Over the past ten years, the tax burden on wages has eased in most of the world’s industrial countries, according to the Organization for Economic Co-operation and Development (OECD). Those changes have benefited the lower and middle class, for the most part.
Only, there some exceptions. The OECD pointed fingers at a small group of countries where the changes have favored high income groups. Among them, Canada and the US. While Canada was lumped together with Australia, Germany, Iceland, Ireland and Luxembourg, the US was singled out.
The report shows the tax burden on wages as an average of the member countries dropped 0.1% between 2000 and 2006. In Canada, the most significant reduction (2.3%) was for workers making 150-200% of the average wage; in the US, similarly the most significant reduction (1.6%) was for those in the highest income bracket. In the US, that reduction is more than three times the rate for those making less than or equal to the average wage.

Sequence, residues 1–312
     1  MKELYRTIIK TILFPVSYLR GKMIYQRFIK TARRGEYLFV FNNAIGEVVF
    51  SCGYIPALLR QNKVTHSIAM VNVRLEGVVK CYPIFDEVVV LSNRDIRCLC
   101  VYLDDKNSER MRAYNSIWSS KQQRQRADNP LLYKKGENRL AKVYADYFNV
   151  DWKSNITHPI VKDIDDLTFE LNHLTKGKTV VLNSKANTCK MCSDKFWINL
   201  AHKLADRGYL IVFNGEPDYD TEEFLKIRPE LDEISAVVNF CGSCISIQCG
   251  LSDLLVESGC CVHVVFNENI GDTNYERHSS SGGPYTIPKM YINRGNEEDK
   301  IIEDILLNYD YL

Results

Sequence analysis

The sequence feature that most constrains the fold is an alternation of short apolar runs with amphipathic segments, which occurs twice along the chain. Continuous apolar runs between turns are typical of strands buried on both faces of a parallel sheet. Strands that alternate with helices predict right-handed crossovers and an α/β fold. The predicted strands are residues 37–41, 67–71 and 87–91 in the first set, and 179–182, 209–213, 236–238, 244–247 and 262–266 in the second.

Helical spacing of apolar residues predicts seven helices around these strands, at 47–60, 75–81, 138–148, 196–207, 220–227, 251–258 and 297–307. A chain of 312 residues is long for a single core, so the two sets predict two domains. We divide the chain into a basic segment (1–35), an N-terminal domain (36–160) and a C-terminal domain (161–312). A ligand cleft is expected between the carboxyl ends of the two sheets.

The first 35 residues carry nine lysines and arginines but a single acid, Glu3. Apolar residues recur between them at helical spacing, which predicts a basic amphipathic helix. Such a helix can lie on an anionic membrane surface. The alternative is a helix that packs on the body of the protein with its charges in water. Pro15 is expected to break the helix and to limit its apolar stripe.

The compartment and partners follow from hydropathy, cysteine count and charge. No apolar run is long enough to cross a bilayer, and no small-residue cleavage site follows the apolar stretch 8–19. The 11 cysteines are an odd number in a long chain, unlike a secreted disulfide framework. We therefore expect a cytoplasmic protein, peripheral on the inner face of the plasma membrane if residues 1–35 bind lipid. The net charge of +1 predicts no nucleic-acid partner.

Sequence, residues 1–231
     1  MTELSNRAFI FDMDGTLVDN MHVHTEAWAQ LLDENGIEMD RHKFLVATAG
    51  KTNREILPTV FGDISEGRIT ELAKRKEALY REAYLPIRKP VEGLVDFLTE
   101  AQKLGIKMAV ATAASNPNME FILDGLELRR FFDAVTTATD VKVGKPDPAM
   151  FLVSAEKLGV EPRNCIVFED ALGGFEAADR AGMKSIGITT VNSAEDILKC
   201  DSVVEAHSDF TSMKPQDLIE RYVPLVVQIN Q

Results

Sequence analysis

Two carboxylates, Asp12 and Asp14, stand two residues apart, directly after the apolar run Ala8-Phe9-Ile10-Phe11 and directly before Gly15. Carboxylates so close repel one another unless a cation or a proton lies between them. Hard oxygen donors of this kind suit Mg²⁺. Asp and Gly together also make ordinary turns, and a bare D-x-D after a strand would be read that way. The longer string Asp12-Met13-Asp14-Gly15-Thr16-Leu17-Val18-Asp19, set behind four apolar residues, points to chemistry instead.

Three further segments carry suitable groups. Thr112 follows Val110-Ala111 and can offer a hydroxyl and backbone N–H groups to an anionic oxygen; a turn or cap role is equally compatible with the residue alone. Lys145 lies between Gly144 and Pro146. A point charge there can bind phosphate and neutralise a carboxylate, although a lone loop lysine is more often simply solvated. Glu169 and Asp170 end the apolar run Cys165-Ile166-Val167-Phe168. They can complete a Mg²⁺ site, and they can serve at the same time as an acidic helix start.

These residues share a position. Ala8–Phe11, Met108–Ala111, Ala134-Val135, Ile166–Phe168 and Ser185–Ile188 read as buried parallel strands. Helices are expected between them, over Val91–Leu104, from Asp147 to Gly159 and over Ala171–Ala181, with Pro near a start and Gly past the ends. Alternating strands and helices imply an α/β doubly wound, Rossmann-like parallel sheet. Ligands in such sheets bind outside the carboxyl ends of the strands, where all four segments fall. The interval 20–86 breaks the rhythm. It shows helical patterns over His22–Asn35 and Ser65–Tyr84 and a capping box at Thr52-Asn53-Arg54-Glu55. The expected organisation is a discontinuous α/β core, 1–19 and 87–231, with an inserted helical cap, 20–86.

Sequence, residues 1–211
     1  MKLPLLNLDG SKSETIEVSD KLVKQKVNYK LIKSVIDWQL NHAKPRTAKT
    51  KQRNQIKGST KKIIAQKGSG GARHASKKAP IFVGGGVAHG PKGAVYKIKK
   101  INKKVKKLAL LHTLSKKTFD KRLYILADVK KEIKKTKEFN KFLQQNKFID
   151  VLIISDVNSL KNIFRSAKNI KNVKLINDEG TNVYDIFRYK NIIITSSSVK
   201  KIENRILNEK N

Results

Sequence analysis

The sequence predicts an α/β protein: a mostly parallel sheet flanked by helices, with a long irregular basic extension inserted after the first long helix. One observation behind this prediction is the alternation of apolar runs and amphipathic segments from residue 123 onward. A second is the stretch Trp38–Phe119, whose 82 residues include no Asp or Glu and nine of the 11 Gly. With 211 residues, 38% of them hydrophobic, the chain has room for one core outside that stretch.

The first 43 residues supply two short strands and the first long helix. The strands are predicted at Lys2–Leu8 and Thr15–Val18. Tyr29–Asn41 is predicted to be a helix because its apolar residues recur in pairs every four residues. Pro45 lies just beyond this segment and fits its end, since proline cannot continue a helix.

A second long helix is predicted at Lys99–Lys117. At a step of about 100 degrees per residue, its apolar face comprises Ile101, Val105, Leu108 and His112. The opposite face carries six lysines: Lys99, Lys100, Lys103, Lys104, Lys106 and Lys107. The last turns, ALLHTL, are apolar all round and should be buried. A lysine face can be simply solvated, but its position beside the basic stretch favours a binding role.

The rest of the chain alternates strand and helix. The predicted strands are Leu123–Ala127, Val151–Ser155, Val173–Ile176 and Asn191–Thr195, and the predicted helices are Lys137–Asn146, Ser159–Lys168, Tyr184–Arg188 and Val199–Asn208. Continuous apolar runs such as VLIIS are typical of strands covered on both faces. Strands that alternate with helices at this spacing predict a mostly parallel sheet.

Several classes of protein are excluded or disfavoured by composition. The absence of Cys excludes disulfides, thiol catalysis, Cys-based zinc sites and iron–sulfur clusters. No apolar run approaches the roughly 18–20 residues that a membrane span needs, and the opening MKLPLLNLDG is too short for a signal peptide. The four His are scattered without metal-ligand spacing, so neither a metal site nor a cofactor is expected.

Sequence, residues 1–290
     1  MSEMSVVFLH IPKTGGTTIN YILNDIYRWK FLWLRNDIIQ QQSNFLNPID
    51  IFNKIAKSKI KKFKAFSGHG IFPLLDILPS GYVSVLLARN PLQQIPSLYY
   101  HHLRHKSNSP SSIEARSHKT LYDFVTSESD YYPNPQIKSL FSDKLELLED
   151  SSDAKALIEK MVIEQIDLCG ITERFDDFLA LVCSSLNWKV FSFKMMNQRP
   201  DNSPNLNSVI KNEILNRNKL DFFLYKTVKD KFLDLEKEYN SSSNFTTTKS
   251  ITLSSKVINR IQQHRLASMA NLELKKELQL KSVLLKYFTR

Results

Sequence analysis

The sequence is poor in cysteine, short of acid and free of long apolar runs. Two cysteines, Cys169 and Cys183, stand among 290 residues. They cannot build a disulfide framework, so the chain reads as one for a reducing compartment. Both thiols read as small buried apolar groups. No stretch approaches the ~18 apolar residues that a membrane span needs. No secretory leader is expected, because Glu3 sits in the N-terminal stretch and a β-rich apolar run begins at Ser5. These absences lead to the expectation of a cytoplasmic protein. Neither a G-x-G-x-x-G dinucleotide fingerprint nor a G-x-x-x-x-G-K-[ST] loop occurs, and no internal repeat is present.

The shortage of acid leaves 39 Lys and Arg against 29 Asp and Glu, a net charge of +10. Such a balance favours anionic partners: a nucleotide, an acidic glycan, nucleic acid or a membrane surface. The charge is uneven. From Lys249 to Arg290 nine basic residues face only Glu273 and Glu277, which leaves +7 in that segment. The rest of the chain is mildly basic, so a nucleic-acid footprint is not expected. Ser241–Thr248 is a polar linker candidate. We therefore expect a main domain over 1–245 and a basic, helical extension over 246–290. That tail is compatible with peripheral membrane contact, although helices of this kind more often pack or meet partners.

In contrast, the OECD reported that countries such as France, Belgium, Hungary, Italy, the Netherlands, and Portugal have implemented targeted tax cuts which have provided the most relief to employees whose wages were less than two third of the national average.
Belgium, Hungary and Germany imposed the highest tax rates overall in 2007, while Mexico, Korea and New Zealand reported the least.
I’m going to dig around and see what I can find about the collective economic health of all of these countries. Should be interesting reading, no?
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